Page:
Our patient was normotensive, TTKG was >7 and serum aldosterone was normal, while renin activity was elevated but with a normal ratio. Venous blood gas analysis showed metabolic alkalosis (pH 7.47, pCO2 46.4 mmHg, HCO3 32.6 mmol/l). In this setting of TTKG>7 and metabolic alkalosis, urine chloride was determined to be >20 mmol/l. As our patient had no history of vomiting, urine chloride >20 mmol/l suggested diuretic intake or Bartter/Gitelman syndrome. The patient denied diuretic intake and occult intake of thiazide or loop diuretics was ruled out by urinary analysis. In light of these results, we sought to differentiate between Bartter and Gitelman syndrome (Table 1).

Figure 1 (click to enlarge)

Table 1 (click to enlarge)

Figure 1 Work-up of patients with hypokalaemia
Table 1 Differential diagnosis between Bartter and Gitelman syndrome

The 24-hour urine found hypophosphaturia (201.06 mg/24h), hypocalciuria (21.06 mg/24h) and hypomagnesuria (43.92 mg/24h) without other abnormalities. Subsequently, analysis of urine prostaglandin E2 came back normal. No proteins or red blood cells were found in the urine. Abdominopelvic tomography and renal ultrasound were normal.
In light of these results, we established the diagnosis of Gitelman syndrome, since the condition had presented in adulthood, and the predominant symptoms were muscle weakness, tetany and asthenia, even though hypomagnesaemia was absent. In contrast, Bartter syndrome typically manifests in childhood, is associated with growth retardation and the main clinical presentation is loss of salt and water rather than muscle weakness. Genetic studies were requested. Two variants of uncertain significance in the SLC12A3 gene associated with Gitelman syndrome were found, which could explain the patient's phenotype. The patient was treated with oral magnesium (even if levels were normal) and began oral potassium.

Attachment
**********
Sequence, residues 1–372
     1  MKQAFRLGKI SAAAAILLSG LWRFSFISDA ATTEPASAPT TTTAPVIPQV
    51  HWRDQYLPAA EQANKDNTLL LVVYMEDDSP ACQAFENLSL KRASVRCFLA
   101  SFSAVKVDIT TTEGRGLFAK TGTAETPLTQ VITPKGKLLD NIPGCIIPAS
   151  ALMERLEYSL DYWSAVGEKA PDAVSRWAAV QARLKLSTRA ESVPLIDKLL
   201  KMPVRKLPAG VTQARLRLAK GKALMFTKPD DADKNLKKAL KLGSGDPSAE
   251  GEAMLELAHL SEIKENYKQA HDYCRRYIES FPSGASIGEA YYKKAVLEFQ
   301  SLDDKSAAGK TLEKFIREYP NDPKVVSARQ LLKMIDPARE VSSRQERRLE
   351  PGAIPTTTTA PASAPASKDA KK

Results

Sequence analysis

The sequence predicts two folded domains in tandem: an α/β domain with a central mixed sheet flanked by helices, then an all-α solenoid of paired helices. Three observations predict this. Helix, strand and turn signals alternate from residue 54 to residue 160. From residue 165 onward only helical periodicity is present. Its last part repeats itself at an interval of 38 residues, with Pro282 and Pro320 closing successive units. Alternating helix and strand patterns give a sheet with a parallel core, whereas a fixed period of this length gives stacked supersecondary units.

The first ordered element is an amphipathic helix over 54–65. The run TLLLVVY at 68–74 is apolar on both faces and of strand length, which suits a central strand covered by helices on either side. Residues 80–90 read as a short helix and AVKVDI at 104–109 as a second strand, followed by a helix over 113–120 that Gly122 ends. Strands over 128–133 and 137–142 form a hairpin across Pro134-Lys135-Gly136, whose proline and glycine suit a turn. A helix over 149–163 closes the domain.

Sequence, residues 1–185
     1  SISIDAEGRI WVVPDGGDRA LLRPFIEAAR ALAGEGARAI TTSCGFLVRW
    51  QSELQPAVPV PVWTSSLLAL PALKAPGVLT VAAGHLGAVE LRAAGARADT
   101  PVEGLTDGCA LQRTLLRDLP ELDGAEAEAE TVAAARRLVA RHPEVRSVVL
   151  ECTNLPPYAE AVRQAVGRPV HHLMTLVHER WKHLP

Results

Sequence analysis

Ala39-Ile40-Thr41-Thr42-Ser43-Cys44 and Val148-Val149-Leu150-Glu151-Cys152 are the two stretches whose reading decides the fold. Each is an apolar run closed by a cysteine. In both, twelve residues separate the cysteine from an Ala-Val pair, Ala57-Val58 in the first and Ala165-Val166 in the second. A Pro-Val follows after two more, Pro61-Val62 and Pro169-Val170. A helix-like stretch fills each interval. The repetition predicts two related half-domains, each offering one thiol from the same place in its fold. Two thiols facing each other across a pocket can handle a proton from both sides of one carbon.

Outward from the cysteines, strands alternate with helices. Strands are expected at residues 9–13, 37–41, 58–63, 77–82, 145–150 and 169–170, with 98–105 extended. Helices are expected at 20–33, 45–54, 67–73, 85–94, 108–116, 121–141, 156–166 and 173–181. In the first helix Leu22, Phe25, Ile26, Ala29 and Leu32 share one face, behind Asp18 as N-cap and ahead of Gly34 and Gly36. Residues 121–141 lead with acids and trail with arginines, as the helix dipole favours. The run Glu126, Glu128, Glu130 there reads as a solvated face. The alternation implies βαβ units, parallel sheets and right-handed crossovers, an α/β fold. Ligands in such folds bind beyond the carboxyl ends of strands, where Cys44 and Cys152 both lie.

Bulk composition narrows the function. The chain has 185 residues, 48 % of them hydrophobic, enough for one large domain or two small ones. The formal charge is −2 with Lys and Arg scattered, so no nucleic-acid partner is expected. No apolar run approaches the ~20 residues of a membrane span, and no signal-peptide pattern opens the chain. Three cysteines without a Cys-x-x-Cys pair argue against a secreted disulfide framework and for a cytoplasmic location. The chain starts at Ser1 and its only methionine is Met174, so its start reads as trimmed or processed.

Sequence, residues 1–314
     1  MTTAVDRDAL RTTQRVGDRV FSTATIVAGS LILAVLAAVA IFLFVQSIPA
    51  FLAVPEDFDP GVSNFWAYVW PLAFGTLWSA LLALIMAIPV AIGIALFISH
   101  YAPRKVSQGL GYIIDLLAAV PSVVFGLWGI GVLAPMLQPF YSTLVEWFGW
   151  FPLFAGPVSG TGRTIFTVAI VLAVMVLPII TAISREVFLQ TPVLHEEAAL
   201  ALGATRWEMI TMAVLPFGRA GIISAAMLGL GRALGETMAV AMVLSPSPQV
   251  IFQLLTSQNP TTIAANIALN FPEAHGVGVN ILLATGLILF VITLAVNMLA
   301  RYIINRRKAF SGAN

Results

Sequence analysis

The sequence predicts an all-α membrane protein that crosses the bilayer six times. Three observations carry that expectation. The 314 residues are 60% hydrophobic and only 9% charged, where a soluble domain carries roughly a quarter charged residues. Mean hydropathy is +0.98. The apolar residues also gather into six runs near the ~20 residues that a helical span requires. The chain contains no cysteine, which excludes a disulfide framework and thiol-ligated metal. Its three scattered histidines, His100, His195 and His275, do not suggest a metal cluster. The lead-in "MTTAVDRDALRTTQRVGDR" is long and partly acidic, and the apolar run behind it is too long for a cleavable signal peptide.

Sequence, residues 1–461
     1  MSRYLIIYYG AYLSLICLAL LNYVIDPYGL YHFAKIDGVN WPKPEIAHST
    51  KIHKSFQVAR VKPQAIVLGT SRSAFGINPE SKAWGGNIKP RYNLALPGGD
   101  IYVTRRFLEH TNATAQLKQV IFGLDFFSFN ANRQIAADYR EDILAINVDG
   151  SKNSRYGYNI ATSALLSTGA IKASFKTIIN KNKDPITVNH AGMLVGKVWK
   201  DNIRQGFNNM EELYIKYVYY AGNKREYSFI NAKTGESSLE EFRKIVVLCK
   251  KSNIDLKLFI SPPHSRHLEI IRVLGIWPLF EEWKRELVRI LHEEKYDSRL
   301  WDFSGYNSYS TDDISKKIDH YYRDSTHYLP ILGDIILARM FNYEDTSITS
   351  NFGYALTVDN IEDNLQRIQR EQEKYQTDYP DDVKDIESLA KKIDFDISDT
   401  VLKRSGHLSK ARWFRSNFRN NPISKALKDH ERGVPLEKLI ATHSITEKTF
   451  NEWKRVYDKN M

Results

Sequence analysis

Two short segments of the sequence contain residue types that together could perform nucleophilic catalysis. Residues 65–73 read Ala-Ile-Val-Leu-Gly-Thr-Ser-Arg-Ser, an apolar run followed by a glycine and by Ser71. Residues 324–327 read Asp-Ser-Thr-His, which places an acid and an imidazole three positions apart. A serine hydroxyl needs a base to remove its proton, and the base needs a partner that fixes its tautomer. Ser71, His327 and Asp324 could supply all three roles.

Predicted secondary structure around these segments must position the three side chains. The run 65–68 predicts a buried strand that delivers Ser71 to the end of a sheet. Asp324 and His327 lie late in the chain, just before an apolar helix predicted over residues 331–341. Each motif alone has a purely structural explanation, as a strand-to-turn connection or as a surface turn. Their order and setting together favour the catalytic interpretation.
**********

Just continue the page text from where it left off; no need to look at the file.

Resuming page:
In the case, the patient presented severe hypokalaemia after beta-2 agonist treatment. The most important metabolic side-effect of beta-2 agonist use is hypokalaemia.
Hypokalaemia is thought to be related to the stimulation of beta-2 receptors bound to the Na/K ATPase system in skeletal muscle, which leads to an influx of potassium into the cells, rather than to other mechanisms such as insulin release. This effect is especially important when beta-2 agonists are used intravenously and occurs less frequently with inhalation, as in the case presented, when substitution treatment is rarely required [4]. This fact led to the performance of other studies in our patient.